What is Mediation?

Mediation is a private and voluntary method of dispute resolution in which the disputing parties agree to allow a third-party (the mediator) to help resolve their differences in a respectful, non-adversarial manner. Taking no sides, the mediator guides negotiation that allows the parties to create a tailor-made agreement. Mediation is a positive, cost-effective alternative to solving disputes in court. As a collaborative, non-adversarial process, mediation is particularly important when the parties hope to maintain or re-establish a positive relationship with one another.

For further information, please see Benefits of Mediation.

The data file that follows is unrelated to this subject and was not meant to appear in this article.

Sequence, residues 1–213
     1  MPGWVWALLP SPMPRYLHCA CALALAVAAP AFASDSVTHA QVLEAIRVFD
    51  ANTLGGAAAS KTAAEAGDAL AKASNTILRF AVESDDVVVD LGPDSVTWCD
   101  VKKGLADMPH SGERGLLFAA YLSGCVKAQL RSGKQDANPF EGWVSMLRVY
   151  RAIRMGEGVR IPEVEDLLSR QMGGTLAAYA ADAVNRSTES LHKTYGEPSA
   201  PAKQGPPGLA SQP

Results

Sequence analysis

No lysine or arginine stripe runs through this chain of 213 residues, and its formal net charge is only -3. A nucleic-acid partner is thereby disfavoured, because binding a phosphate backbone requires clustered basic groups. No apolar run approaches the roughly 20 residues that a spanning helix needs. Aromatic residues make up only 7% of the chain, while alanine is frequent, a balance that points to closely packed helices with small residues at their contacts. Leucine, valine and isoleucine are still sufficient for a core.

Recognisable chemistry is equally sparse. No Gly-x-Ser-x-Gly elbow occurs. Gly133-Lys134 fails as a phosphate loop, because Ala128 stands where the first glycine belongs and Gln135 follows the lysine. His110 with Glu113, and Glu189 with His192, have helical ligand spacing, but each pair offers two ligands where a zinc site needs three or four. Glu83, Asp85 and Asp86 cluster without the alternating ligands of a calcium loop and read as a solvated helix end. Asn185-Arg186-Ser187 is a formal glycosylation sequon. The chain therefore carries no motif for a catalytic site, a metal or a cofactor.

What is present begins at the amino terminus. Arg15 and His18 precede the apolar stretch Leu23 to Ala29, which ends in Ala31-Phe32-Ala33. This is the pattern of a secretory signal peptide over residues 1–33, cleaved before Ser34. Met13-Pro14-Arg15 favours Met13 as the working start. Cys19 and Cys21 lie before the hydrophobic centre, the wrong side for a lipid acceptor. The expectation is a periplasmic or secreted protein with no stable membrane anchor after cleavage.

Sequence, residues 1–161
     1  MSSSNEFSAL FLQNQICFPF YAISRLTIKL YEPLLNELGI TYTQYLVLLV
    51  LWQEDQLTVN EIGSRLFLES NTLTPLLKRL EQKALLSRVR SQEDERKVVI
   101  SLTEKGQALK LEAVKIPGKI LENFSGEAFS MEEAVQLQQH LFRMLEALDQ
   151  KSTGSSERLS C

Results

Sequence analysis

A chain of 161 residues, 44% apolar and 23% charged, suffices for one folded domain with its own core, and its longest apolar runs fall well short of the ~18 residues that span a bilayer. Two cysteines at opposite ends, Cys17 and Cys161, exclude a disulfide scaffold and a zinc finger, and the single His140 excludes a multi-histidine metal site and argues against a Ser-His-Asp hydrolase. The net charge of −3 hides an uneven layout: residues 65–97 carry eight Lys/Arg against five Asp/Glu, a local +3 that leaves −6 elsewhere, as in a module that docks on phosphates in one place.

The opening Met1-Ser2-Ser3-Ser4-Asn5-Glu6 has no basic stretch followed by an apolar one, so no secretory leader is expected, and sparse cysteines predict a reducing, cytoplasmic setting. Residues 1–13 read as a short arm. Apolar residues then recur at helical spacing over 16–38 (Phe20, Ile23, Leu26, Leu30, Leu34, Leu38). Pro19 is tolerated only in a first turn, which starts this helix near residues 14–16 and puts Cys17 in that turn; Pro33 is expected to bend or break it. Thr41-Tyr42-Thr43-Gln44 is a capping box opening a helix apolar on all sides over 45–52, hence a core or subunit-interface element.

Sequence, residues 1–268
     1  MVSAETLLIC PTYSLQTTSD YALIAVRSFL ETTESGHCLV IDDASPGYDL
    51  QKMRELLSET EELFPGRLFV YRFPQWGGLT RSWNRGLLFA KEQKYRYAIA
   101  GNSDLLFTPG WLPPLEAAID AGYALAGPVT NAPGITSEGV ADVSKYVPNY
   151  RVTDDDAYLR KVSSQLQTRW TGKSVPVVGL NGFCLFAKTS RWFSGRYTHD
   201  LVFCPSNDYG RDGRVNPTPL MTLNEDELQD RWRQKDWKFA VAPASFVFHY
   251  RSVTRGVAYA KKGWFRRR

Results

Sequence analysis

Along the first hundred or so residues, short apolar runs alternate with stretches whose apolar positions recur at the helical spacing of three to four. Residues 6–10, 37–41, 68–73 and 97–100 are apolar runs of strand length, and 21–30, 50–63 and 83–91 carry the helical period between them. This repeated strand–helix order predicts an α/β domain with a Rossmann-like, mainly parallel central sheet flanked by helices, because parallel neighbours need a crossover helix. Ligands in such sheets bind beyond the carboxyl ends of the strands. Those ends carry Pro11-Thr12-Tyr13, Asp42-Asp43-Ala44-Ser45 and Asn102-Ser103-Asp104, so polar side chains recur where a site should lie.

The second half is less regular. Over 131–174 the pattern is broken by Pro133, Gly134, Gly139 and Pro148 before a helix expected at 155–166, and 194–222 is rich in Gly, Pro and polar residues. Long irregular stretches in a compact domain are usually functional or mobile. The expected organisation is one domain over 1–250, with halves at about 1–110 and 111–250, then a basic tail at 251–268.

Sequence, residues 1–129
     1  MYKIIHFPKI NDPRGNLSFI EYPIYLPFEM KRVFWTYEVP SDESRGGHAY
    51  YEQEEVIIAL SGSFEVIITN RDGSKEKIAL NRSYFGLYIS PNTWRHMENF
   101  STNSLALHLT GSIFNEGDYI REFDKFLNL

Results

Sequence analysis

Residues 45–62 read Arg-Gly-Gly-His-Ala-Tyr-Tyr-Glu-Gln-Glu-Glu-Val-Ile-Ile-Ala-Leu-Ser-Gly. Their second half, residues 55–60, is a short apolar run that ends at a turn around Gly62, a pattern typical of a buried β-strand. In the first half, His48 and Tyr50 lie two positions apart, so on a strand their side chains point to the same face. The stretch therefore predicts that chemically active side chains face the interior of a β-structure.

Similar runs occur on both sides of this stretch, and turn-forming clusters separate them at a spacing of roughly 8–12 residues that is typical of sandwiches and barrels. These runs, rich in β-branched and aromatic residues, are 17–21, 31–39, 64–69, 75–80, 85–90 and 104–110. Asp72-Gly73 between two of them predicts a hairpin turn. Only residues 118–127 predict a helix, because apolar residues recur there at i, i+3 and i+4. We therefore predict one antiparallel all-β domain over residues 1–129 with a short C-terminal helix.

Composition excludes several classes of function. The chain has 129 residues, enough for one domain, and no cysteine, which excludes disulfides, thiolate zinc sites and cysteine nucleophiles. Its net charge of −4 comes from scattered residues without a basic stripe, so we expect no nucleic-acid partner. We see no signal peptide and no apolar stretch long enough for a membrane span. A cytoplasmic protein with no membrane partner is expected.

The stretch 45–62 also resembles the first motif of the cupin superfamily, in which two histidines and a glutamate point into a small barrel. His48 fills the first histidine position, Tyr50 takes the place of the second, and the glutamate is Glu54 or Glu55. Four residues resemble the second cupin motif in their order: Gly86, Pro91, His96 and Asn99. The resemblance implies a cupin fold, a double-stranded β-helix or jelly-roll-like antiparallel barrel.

The Mediation Process

Mediation is an informal, voluntary and flexible process. Often the mediator will first meet individually with each party to explain the mediation process and discuss the person’s concerns. Once everyone agrees to proceed, the mediator arranges that the disputing parties come together to a mediation session. The mediation session is intended to identify the issues, clear up any misunderstandings, look for solutions, and work out a mutually acceptable agreement.

Mediators participating in JusticeNet are professionally trained and accredited.